Sophia Popov continued her love for Royal Troon as she opened up a commanding three-stroke lead heading into the final round of the AIG Women’s Open.
The 27-year-old German, making just her second appearance in the championship, heads a talented international field at the first women’s Major of the year. In more favourable conditions, with sunny spells and less wind, Popov matched the lowest round of the week with a four-under-par 67 to move to four- under after 54 holes.
The world number 304, who only qualified for the event through the Marathon Classic just two weeks ago, highlighted her bogey-free day with a brilliant driver off the fairway for an eagle at the par-5 4th and then a glorious 30-foot birdie putt at the par-3 17th. Having won three times on the development Cactus Tour in the USA this year, Popov is now seeking her first Major title.
With overnight leader Dani Holmqvist struggling to a 77, Popov is three shots clear of Australian Minjee Lee and Jasmine Suwannapura from Thailand. Both Lee, the world number eight, and Suwannapura recorded impressive 69s to lead the chasing pack on one-under-par.
American duo Austin Ernst and Lindsey Weaver, helped by a miraculous chip in for par at the 12th, are two shots further back in a tie for fourth place at one-over-par, alongside another German, Caroline Masson.
New Zealander Lydia Ko, chasing her first win since 2018, recorded a double bogey at the 10th to damage her hopes and is with Denmark’s Emily Kristine Pedersen and American Kristen Gillman at two- over. Gillman posted five birdies in a superb front nine – including a near ace at the 95-yard 8th, the Postage Stamp – before having to settle for a 68.
There was a notable move too from Australia’s Katherine Kirk, who stormed 30 places through the field after a four-under 67 to reach three-over. However, world number four Nelly Korda suffered at the short Postage Stamp, making a double bogey, as she fell to four-over.
The 2018 champion, Georgia Hall, rolled in three birdies in her first eight holes, but slipped to 10-over after a 74, while Scotland’s Catriona Matthew posted the same score as her hopes also faded, dropping to eight-over. Mel Reid went in the other direction as the Englishwoman signed for a 68 to reach six-over and is the leading British player going into the final 18 holes in Ayrshire.
Sophia Popov, Germany
“There are going to be a lot of nerves there tomorrow and I would be lying if it wasn’t that way. That’s why we play the sport. We do this in order to be in a position like I’m going to be in. Yeah, it’s definitely a position I’ve never been in, so we are just going to have to see how it goes, take it one shot at a time and just try to do my thing.
(On eagle on 4th) “I started off with three pars and missed a couple birdie opportunities on the first few holes that I thought were makeable, so then I hit that driver off the deck on four. It was about, I believe 258 or 259 (yards) and a little up hit. It just suited my eye, a good lie, and I hit it in the perfect spot and it just curled around.”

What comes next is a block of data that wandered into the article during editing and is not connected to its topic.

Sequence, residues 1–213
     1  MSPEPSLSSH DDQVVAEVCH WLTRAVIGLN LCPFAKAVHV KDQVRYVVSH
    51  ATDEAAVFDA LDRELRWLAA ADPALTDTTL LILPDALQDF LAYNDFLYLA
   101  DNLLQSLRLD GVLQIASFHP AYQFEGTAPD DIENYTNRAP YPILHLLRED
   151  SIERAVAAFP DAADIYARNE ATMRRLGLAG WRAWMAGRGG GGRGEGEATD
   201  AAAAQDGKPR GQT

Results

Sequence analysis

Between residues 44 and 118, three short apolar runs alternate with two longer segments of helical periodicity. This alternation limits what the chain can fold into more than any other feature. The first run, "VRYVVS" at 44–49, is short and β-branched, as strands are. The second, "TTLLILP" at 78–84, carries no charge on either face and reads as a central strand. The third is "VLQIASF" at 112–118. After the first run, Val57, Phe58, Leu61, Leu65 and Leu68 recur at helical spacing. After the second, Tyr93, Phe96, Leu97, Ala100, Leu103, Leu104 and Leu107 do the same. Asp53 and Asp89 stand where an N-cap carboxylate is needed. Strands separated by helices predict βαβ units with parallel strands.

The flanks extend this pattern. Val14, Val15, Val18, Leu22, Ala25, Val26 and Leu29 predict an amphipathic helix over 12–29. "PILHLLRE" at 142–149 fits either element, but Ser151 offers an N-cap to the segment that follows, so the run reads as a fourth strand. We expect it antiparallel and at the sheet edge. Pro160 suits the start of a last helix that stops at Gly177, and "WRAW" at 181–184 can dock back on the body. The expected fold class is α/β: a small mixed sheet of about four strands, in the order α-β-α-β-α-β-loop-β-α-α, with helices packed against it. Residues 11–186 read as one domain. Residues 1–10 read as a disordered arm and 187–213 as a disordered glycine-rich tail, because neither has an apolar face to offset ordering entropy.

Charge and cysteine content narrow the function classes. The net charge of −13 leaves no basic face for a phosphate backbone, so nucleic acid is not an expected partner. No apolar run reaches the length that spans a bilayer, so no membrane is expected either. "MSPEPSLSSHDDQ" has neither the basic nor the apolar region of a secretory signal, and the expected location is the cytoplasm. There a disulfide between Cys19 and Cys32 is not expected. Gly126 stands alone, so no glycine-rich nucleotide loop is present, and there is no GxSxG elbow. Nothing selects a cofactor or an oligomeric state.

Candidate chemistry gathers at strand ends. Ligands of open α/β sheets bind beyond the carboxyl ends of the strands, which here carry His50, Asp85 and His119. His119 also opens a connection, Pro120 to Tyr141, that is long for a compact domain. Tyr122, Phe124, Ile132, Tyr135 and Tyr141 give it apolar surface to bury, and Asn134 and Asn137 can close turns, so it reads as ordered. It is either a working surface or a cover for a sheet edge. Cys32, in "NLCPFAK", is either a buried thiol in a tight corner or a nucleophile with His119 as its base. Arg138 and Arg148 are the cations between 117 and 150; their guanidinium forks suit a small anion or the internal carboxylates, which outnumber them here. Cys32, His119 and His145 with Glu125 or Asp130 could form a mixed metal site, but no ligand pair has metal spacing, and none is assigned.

Minjee Lee, Australia
“I’m feeling pretty good. I feel like I can maybe play a little bit more aggressively if the wind doesn’t blow as much tomorrow, and maybe I can hole a couple putts out there. I always get amazing support from everybody back home. I feel very fortunate that I’ve got such a great support base and, yeah, I do think a lot of people will be rooting for me.”
Jasmine Suwannapura, Thailand
“I’m very happy about today; even though it wasn’t raining, it’s still pretty windy out there. Tomorrow, I probably have to look at the speed of the green more and then just keep hitting good shots. I need to make some putts and hope for the best.”
Caroline Masson, Germany
“I like staying under the radar. I’ve played really solid golf, and I know that if I just stick to my plan, I think I’m capable of shooting a good round tomorrow. You never know what’s going to happen on a Sunday. It seems like a lot of players probably have a shot to win, so I guess it’s just important to focus on myself and I’ll just do what I’ve been doing.”
Lindsey Weaver, USA
“It always bites to bogey the last, but other than that, it was a pretty good day I thought and I just hope that I can continue it into tomorrow.
(On having no caddie and a push trolley) “Yeah, so people have asked whether it’s a lot of work to just kind of like do all my own numbers, rake all my bunkers and push and everything. But it’s fine for me. It’s kind of just like playing junior golf, college golf again. I know a lot of people have different opinions about it, but it’s working for me right now.”
Austin Ernst, USA
“Royal Troon is a great test of golf, and it’s cool to see how we play it after seeing the guys play it. I know what I need to do tomorrow. I need to be more aggressive with the putter; just see if I can shoot a low score and post something.”
For further information on the AIG Women’s Open, please visit www.AIGwomensopen.com